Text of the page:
OncoDiag has started booking sales in France and, through collaborations with laboratories, has begun targeting urologists in Italy, Spain, Switzerland, Germany, the UK, and the Middle East. Hennion noted that OncoDiag manufactures its own test kits, and its sales approach in Europe and the Middle East involves selecting one testing laboratory in each country that would sell the test to urologists in exchange for the exclusive right to run Urodiag testing.
The firm will work to obtain reimbursement for its test where possible, Hennion said, adding that to achieve additional traction for Urodiag outside of France, OncoDiag will need to navigate regulatory and reimbursement requirements that vary from country to country. Urodiag's tests are being reimbursed under the French national innovation program in advance of a decision about its long-term national reimbursement. As it awaits the decision, the company will need to continue to validate and demonstrate the clinical utility of the test to convince health authorities and health insurers of its reimbursement merits over the long term, Neuzillet said. The price for the Urodiag bladder cancer recurrence test is €400 ($479).
Hennion said he is also collaborating with urologists and key opinion leaders in his role as a member of the board of the European Association of Urology and looking to have the test included in the European Association of Urology Guidelines on Non-Muscle-Invasive Bladder Cancer, which should speed up its reimbursement in other European countries.
For its entry to US markets, OncoDiag is in discussions with undisclosed diagnostic companies with the aim of jointly pursuing US Food and Drug Administration 510(k) clearance for Urodiag. For US sales of Urodiag, the firm may also collaborate with a US distributor, but Hennion has not yet identified one.
The Miserey, France-based company, founded in 2013, is developing two additional tests for which it is planning sales within the next two years ─ Prostadiag, a tissue-based NGS laboratory test that evaluates the aggressiveness of a patient's prostate cancer, and Colodiag, a blood-based mass spec test for detecting proteins associated with colorectal cancer.
The firm intends to position its prostate cancer test as an alternative to tissue biopsy to detect whether men with confirmed prostate cancer need to proceed to surgery and radiotherapy. OncoDiag is collaborating on its development with The French League Against Cancer, which has case histories and tissue samples from 7,000 men with prostate cancer.
The developers used the samples and NGS to identify a set of 37 genetic mutations associated with prostate cancer aggressivity. Using the panel for testing, urologists will be able to tell patients whether patients can avoid surgery and radiotherapy with a sensitivity and specificity of between 95 and 100 percent, Hennion said.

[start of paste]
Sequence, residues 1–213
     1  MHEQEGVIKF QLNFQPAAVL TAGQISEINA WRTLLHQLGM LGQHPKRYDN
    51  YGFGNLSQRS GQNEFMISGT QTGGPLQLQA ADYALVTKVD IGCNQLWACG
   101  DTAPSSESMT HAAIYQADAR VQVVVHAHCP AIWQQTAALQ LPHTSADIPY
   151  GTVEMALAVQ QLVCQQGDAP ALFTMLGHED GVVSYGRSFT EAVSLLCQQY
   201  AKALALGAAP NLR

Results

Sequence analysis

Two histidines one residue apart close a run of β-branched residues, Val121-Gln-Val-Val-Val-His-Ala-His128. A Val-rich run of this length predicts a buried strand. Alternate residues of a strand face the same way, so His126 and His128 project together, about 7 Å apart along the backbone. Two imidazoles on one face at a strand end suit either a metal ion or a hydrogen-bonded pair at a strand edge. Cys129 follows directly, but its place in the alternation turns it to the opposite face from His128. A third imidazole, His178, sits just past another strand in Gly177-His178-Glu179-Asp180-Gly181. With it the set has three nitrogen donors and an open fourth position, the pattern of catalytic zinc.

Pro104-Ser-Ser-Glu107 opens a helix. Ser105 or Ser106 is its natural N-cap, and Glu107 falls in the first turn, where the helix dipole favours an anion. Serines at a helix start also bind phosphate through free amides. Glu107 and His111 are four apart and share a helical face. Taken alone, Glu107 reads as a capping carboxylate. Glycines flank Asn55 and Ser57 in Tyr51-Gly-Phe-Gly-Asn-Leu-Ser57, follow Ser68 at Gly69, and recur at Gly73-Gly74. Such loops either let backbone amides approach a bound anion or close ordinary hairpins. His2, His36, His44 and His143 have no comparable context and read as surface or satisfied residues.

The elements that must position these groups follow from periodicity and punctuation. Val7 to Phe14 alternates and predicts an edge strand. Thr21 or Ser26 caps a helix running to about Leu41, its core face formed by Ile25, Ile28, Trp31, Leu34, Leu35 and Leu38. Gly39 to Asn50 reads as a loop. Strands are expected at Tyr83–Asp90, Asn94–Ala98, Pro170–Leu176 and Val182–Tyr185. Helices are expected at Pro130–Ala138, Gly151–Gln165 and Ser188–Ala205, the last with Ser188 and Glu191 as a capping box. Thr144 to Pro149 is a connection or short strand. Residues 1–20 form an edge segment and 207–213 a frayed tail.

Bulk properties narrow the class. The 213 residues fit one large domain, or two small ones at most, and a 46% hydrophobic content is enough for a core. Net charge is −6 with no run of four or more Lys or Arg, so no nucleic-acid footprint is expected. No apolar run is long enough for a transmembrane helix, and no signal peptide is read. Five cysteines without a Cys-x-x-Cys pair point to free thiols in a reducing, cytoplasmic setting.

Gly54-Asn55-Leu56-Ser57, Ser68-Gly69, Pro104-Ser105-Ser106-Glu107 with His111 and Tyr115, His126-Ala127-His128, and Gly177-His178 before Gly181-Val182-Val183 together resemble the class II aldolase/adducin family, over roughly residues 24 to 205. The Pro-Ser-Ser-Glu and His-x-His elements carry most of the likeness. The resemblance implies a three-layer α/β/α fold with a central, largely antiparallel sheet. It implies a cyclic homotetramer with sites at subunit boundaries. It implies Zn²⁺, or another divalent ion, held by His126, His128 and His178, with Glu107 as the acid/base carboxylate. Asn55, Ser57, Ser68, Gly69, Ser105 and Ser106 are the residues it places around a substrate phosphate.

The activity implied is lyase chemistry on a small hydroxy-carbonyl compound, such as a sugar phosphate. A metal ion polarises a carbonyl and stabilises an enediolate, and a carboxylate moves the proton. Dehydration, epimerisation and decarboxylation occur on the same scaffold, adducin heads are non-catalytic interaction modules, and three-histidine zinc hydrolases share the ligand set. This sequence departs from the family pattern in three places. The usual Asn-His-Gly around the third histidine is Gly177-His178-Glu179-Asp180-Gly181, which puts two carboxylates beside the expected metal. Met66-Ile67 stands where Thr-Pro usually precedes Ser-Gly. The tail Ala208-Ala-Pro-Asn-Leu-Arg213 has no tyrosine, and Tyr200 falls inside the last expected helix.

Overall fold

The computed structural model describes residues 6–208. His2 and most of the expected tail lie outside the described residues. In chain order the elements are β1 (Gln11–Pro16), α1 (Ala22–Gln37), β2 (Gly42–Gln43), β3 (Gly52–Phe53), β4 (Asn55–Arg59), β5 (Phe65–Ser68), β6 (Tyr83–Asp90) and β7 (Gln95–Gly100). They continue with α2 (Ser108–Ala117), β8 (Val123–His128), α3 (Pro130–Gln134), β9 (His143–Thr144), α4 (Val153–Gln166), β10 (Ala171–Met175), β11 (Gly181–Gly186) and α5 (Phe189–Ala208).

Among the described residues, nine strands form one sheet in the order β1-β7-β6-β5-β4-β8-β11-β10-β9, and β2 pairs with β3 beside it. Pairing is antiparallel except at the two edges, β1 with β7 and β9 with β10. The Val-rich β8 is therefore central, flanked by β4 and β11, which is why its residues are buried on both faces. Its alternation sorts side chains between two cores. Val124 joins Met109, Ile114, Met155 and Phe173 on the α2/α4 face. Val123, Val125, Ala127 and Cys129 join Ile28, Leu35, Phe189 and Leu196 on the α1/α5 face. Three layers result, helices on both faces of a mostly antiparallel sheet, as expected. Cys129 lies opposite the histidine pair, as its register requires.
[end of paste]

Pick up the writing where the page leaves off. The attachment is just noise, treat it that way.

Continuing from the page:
Meanwhile, the firm is developing Colodiag, third in the company's test pipeline, as an alternative to the current fecal test for general population screening for colorectal cancer, Hennion said.
Clinical trials to validate its tests are advancing slowly, partly because hospitals are prioritizing the detection and treatment of patients with SARS-CoV-2. However, in a preliminary clinical validation study, OncoDiag found that the test can identify whether patients have early colorectal cancer with 95 percent sensitivity and specificity. The firm is targeting the middle of next year to obtain CE marking and launch the test for colorectal cancer screening.
Hennion said he sees Sunderland, UK-based Arquer Diagnostics and Rehovot, Israel-based Nucleix among its closest competitors for Urodiag. Arquer's CE-marked urine-based biomarker test, called AdxBladder, detects bladder cancer recurrence alongside cystoscopy, and Nucleix, which recently raised $55 million, expects to receive FDA 510(k) clearance for its Bladder EpiCheck assay later this year.
OncoDiag believes its closest competitors for sales of its prostate cancer test include GenomeDx, Exact Sciences subsidiary Genomic Health, and Myriad Genetics' Prolaris prostate cancer test.
The colorectal cancer screening space has a large number of IVD developers, but OncoDiag believes Colodiag can be competitive based on the high levels of sensitivity and specificity it is seeing in preliminary studies, Hennion said.
Because of the recent financing and the beginning of sales for Urodiag, the company is now adequately funded to implement its marketing, sales, and product development plans for the foreseeable future. However, additional investment may eventually be needed, Hennion noted, so that it can support international business development and develop entirely new tests for its product development pipeline.